Four physicists at the U.S. Department of Energy's (DOE) Brookhaven National Laboratory have been awarded U.S. Patent No. 7,432,516 B2 for the design of a "medical synchrotron" capable of delivering precision doses of proton radiation to cancerous tumors with minimal damage to surrounding healthy tissue.
The new device would be more precise and less costly than existing proton-therapy systems, potentially increasing the availability and benefits of this treatment for caner patients worldwide. The Brookhaven scientists are now seeking industrial partners to license and commercialize the technology.
"In the realm of cancer treatment, proton therapy is considered 'surgery without a knife' because proton beams can deliver cell-killing energy with extreme precision, unlike conventional x-ray radiation therapy," said Brookhaven physicist Stephen Peggs, one of the lead scientists on the project. Peggs, while working at DOE's Fermi National Accelerator Laboratory, witnessed the completion of the nation's first hospital-based proton-therapy synchrotron, installed at California's Loma Linda University Medical Center in 1990.
"Almost as soon as the Loma Linda synchrotron went out the door, we started thinking about ways to build a better machine," Peggs said. The current design - developed and refined as Peggs and other physicists worked on large-scale accelerators for physics experiments, including the Relativistic Heavy Ion Collider (RHIC) at Brookhaven Lab - is the culmination of that effort.
"Our new design has improvements in beam-focusing technology to make the smallest possible beam size - that is, the sharpest possible 'knife,'" said Peggs. Because smaller beams deliver radiation with increased precision, this improvement could have a significant impact by shortening the duration of treatment, increasing its effectiveness, or both. The new design also promises to be less costly and more reliable, which should increase its availability.
How it works
The idea behind radiation therapy is to deliver a lethal dose of radiation to cancerous cells. In conventional x-ray radiation therapy, many healthy surrounding cells are also exposed to the radiation because x-ray beams deposit their energy as they travel through tissue. In fact, most of the dose of x-rays is deposited near the surface of the body. Though cancerous cells tend to be more susceptible to the damaging effects of radiation (or less able to repair it), the collateral damage to healthy tissues limits the dose physicians can use to destroy the tumor.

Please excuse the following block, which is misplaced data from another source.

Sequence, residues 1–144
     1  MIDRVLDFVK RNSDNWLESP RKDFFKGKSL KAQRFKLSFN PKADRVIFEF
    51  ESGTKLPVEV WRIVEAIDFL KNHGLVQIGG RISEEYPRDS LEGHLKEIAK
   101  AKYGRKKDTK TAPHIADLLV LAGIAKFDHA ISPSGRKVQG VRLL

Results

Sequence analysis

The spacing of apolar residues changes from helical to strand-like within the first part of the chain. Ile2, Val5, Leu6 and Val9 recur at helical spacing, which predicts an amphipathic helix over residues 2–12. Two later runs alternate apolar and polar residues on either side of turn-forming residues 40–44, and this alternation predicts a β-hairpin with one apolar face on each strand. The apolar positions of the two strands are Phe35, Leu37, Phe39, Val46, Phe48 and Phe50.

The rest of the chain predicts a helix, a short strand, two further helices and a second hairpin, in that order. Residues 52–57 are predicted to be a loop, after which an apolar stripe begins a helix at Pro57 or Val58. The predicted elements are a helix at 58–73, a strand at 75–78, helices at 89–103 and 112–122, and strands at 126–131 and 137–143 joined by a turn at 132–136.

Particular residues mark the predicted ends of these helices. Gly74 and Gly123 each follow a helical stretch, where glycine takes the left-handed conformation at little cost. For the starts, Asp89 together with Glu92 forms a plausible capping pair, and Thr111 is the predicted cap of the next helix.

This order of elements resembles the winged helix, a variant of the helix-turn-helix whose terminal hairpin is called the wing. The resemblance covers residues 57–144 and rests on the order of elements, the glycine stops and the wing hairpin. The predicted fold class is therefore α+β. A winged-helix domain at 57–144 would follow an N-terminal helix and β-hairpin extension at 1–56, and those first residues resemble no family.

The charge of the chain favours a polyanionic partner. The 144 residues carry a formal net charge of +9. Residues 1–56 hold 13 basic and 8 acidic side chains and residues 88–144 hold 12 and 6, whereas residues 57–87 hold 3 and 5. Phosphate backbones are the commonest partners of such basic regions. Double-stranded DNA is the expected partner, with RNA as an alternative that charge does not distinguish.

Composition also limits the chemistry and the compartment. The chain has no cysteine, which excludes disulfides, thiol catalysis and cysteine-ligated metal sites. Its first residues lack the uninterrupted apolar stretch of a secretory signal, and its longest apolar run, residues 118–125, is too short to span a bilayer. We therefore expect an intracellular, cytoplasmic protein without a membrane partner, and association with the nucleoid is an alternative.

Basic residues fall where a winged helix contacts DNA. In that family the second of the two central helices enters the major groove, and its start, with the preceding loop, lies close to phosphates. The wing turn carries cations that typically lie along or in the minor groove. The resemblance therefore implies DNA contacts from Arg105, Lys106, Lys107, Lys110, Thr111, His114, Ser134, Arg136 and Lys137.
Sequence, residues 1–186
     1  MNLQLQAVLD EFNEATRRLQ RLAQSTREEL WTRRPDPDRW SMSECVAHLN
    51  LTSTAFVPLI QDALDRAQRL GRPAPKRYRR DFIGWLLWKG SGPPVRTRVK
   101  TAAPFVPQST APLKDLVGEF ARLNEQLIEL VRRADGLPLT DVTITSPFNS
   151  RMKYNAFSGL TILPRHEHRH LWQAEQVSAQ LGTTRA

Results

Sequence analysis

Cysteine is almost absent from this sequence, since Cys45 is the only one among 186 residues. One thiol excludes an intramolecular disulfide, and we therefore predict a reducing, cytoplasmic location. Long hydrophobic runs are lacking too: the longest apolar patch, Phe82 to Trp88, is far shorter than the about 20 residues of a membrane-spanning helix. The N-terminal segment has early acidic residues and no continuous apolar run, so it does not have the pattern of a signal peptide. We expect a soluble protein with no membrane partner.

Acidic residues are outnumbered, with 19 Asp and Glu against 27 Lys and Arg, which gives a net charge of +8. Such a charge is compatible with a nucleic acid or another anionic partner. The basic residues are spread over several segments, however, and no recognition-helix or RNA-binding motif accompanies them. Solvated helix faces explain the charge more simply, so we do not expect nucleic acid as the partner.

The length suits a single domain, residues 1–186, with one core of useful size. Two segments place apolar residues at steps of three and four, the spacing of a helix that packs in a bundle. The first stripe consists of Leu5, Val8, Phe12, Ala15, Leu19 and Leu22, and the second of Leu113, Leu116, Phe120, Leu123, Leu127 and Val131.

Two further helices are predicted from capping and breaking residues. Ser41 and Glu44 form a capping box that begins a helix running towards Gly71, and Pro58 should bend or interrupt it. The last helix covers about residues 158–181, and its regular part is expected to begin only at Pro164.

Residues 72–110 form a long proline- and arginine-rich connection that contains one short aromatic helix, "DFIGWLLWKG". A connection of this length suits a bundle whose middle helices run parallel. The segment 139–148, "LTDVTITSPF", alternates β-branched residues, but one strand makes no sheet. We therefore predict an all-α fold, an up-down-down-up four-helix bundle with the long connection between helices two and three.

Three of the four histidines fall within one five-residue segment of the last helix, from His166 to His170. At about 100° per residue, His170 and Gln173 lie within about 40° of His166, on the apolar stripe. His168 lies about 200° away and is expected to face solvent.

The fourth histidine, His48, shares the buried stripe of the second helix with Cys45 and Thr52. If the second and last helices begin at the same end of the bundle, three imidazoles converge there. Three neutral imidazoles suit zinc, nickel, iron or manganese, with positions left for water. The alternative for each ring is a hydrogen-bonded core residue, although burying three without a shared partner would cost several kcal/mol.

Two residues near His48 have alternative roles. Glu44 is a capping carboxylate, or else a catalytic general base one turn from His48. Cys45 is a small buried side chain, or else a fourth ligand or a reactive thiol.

Proton therapy offers an advance over conventional x-rays because proton beams deposit most of their energy where the beam stops. The original proton therapy synchrotrons were designed to deliver cell-killing doses of radiation to tumors in three dimensions by aiming proton beams from multiple directions to stop at the depth of the tumor tissue. That precision targeting allows doctors to deliver higher doses to the tumor cells while sparing healthy surrounding tissue.
But accelerators are often costly to build and difficult to maintain, explaining why the design principles for hospital-based accelerators must be radically modified, and why relatively few hospitals have them. The new accelerator design developed by the Brookhaven team offers two main advantages: "rapid cycling" and "strong focusing."
Rapid cycling allows proton beams to be injected and extracted from the synchrotron in just one turn around the circular particle accelerator. Unlike the earlier machines, which required multiple turns, this eliminates the need for sensitive feedback systems to control the beam currents.
"This makes the machine more robust and reliable to operate. It's more of a turn-key operation," Peggs said. "Turn it on and it consistently starts up like a transformer, rather than booting up like a PC."
Strong focusing refers to the ability to shape the proton beam and keep it focused to pinpoint dimensions. In contrast to the Loma Linda machine, where beams measure up to a centimeter across, the new design can achieve beams as narrow as one millimeter.
Pinpoint accuracy reduces collateral damage and allows physicians more flexibility in the doses they use. Higher doses could yield more effective therapy, possibly in fewer treatments.
Compact beam size has other benefits as well: smaller components (beam pipes, magnets, etc.) for the whole device. That makes everything lighter, and less expensive, Peggs said. Smaller size will also eliminate the need for water-cooling most magnets; air-cooling will be sufficient. That adds up to even more cost savings.
"Our biggest challenge now is to find partners in an industrial consortium to help us build one of these new machines," said Peggs. "It's part of our mission as a national laboratory to put together teams and serve national needs in terms of technology transfer. We would help to build the first specialized, high-tech items, but most of an accelerator is made from conventional technology, and that can be done by industry. So we are looking for a consortium to see this move into the commercial sector - and hospitals across the country," he said.
In addition to Peggs, Michael Brennan, Joseph Tuozzolo, and Alexander Zaltsman, all in Brookhaven Lab's Collider-Accelerator Department, collaborated on the project. Their ideas and designs stem directly from their experience working on particle accelerators for physics experiments.
"It's the fact that we do the science for accelerators like RHIC that allows us to do this for medical applications," Peggs said.
The physicists' work at RHIC and on the development of the improved medical synchrotron is supported by the DOE's Office of Science (Office of Nuclear Physics).